Faith, Politics, and Transitions in Brussels

Ti€s that Bind

“Do you not know that God entrusted you with that money (all above what buys necessities for your families) to feed the hungry, to clothe the naked, to help the stranger, the widow, the fatherless; and, indeed, as far as it will go, to relieve the wants of all mankind? How can you, how dare you, defraud the Lord, by applying it to any other purpose?” — John Wesley

19. 28. 334,570,678. 9.5. Members of the eurozone. Members of the EU. Population of the eurozone. GDP of the eurozone, in trillions. But numbers are sanitary things. They do not “lie,” but they can be manipulated. They do not get at any existentially real truth. What, in truth, is the euro about?

I remember as a child hearing about the European Union and the new currency. Growing up in conservative evangelicalism in the US, the euro was to be feared as the portents of a world-wide currency and government, which would ultimately headed up by the anti-Christ before the end of days. Is Juncker really that bad?

But the euro, and the EU, is about something else. It is about ending the possibility of war, which is always possible given human nature. It is about expanding the tribe, of who is in and who is other. In the past, languages, cultures, regions divided the small continent of Europe. Today, the experiment in being tied together continues, despite hurdles and obstacles.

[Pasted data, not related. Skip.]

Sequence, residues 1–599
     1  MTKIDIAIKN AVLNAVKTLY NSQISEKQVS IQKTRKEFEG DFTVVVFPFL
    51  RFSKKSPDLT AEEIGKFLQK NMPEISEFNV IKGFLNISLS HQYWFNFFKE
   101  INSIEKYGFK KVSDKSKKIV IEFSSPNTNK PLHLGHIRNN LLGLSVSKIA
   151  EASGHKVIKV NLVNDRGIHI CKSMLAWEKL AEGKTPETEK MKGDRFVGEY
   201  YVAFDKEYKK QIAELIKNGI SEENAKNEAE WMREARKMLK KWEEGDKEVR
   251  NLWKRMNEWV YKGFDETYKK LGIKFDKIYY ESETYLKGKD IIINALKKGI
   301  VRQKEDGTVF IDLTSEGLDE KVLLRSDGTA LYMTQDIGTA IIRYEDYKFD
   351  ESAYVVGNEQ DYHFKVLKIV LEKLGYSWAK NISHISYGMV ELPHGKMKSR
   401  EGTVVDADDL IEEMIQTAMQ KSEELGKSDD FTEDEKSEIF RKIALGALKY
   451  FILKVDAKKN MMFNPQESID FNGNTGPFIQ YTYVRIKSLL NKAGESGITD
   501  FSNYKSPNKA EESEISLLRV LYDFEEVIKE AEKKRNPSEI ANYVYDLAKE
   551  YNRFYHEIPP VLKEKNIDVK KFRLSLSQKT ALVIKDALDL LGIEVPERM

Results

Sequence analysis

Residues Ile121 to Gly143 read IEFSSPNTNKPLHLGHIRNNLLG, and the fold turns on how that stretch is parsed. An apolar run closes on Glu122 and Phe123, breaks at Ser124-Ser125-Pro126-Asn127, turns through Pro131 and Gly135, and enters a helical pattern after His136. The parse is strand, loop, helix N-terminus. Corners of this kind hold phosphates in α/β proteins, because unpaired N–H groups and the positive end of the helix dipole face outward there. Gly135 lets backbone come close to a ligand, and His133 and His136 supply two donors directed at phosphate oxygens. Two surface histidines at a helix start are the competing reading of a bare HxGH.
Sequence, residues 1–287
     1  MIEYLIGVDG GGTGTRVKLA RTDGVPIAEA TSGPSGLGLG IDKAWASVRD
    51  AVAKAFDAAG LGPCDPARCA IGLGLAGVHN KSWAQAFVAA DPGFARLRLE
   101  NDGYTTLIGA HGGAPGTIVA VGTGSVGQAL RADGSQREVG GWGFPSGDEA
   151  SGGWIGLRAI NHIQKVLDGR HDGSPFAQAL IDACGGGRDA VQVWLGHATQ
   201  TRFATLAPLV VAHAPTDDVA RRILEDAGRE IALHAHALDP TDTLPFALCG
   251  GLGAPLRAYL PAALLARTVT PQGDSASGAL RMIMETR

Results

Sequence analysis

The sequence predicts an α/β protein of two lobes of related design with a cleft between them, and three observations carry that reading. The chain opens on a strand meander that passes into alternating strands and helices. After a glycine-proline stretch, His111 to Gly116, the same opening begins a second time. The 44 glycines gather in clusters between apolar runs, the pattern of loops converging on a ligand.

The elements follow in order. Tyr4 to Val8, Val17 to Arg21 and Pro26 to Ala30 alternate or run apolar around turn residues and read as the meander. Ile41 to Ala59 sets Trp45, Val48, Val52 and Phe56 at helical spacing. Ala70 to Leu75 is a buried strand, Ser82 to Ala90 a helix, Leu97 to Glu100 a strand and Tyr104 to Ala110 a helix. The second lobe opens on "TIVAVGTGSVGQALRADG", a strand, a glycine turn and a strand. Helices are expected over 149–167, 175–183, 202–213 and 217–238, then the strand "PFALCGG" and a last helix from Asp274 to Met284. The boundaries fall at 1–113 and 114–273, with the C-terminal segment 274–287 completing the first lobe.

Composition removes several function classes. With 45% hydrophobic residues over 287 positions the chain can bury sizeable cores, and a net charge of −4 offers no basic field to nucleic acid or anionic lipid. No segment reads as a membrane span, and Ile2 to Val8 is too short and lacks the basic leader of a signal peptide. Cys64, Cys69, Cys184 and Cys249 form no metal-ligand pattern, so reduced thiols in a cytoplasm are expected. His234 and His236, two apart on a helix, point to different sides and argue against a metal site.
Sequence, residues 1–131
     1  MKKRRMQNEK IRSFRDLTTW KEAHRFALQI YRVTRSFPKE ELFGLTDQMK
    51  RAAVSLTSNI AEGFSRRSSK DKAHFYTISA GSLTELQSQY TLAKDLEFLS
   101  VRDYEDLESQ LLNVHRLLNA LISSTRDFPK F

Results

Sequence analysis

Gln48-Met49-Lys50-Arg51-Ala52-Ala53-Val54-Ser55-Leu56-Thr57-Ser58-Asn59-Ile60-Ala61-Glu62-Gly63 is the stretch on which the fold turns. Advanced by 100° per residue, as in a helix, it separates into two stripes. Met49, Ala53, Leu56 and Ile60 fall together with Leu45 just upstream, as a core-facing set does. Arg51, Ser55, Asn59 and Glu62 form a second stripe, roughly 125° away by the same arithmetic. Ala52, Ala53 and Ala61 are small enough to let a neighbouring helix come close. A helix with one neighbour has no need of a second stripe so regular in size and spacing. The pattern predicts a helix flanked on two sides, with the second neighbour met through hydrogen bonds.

You can disagree about what the best way forward is: Grexit, Brexit, expansion, federalisation. But what is important is peace. The same currency zone expands the inertia against war, and it is able to spur us towards peace. But take a page from American history: even then, war is possible, a nasty, destructive, civil war. The ties that bind cannot merely be monetary. Identity must be caught up in it too.

But this thought flies in the face of all modern thinking: you are not what you buy, consume, own, or owe. You are more than that. You are more than your bank account, your possessions, and your products. And so are countries. The identities we have and share embrace things that have no ‘value,’ that is, are beyond any numerical enumeration. Their value is in their histories, their languages, their cultures. They can be shared, and in order to grow, they must be — barbarism is when culture no longer grows and has projects, but turns back in on itself with its excess energies.

These could be the ties that bind. Beyond the euro, beyond the common market, what are the European projects? What are the cultural identities being shaped, being grown? Why does the Union exist? These are the questions that bring all its citizens together, and in answering them, we may get answers to many other questions.

— Jeremy